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What Is a Civil Trial?

The Seventh Amendment guarantees that federal civil cases dealing with claims of more than $20 will be heard by a jury.
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  • Written By: Felicia Dye
  • Edited By: Heather Bailey
  • Last Modified Date: 05 September 2014
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A civil trial refers to legal proceedings held in a court for a non-criminal dispute, such as a medical malpractice lawsuit. Such trials are settled in civil courts which operate independent of but similar to criminal courts. The exact process, however, can vary from one jurisdiction to another. The penalties involved for the guilty parties in civil cases are generally financial damages and injunctions. Since these are often private matters, such trials can be very expensive.

One major difference between a criminal trial and a civil trial is that the latter is heard in a civil court. Although some of the proceedings may vary, the civil process is characterized by many of the same procedures as a criminal trial. The party who files the case is known as the plaintiff and the person against whom accusations are made is known as the defendant. Both parties generally have rights to legal representation and there is also commonly an opportunity to have a jury trial.

There are a wide range of matters that can prompt people to lodge civil claims. These include unpaid debts, property damage, and personal injury. The trial process often involves motions and hearings. Various types of evidence may be presented or suppressed. Witnesses may be subpoenaed to court and their testimonies may be cross examined.

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In most of these cases, the plaintiff aims to receive a financial award. These are often referred to as damages. Sometimes the awarded damages are limited to actual costs that were incurred by the fault of the defendant. These are known as compensatory damages.

At other times, the defendant may be ordered to pay larger sums of money to punish him or to discourage repetition of the harmful acts. These are generally referred to as punitive damages. A civil trial may also result in the judge issuing other orders or injunctions, which are demands to discontinue some type of behavior. If either party feels that the ruling is unfair, she will generally have an opportunity to appeal the decision.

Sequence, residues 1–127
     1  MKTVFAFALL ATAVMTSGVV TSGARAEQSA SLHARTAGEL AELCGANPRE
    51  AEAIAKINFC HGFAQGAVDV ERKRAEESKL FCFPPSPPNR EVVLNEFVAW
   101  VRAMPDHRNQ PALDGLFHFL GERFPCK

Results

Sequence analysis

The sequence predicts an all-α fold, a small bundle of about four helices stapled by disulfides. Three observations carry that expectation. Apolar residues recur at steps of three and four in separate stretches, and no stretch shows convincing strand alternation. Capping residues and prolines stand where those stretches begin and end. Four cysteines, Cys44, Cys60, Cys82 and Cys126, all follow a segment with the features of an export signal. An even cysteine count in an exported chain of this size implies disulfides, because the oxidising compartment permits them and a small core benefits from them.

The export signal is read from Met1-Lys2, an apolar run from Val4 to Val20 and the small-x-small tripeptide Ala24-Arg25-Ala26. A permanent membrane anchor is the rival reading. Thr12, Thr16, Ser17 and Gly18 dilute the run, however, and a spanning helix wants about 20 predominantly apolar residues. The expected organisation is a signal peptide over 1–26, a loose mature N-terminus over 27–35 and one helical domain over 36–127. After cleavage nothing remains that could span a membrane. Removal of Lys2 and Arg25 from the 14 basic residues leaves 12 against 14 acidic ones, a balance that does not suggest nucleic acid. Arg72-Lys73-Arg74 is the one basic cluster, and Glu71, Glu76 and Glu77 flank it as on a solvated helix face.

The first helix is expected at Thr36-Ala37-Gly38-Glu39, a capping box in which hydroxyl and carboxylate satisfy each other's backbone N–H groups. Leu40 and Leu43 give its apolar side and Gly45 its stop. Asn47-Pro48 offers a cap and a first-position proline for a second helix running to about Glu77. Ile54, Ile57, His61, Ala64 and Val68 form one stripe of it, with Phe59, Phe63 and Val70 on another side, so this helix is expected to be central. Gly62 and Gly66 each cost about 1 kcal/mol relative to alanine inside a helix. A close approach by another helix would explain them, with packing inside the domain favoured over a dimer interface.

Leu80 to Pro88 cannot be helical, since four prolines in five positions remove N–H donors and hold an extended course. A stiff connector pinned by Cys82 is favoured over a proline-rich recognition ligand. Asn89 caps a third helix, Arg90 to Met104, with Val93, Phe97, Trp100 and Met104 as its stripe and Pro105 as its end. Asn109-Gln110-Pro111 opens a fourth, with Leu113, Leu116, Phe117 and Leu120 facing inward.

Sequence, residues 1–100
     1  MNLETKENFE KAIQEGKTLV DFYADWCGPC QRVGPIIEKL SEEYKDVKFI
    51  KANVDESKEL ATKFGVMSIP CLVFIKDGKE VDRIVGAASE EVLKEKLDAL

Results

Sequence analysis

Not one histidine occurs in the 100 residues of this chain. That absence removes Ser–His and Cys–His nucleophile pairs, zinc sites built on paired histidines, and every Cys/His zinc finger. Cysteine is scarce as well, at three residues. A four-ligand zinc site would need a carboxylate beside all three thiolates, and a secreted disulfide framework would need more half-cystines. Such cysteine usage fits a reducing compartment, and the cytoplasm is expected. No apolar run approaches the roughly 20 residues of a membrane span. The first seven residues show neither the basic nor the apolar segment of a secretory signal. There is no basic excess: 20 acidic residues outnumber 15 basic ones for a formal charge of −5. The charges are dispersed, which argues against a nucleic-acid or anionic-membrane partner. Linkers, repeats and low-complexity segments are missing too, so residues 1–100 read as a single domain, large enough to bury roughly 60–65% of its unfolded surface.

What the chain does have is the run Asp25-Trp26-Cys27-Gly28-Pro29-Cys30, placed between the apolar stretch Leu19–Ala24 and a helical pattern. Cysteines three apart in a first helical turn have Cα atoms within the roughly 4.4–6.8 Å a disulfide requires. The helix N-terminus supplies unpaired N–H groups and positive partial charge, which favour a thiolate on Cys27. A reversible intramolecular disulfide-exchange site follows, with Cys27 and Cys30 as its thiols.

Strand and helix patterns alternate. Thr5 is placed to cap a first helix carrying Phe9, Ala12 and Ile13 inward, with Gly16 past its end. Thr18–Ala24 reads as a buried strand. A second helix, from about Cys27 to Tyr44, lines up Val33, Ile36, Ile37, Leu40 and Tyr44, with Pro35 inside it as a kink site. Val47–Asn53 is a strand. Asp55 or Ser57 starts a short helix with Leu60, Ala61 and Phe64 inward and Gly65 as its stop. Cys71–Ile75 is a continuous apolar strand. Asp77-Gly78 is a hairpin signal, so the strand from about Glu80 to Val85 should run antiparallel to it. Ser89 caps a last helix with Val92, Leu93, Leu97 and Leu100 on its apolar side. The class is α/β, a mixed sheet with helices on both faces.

Although a civil trial does not normally pose a threat of criminal consequences such as incarceration or community service, orders issued by judges in these cases are binding. If those orders are ignored, the result can be a criminal punishment. The same is true if a person who is engaged in a civil trial is found to be in contempt of court.

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anon164420
Post 1

My employer filed a false restraining order against me and she used the restraining order to fire me from 17 year job. Later, she hired an attorney who started sending me all kinds of harassing letters. We went to court last year and we managed to mediate and dissolved the restraining order.

Recently i received an arrest warrant for the same charges that were on the original restraining order. It seems that the detective who was handling my case went ahead and reposted the case to the Anaheim attorney office and they in turn sent it to the judge who issued the arrest warrant.

i am not trying to defend myself once again for the same false charges. my life has been turned upside down. I have been out of job for the past four months. Please send your comments if you have a similar story.

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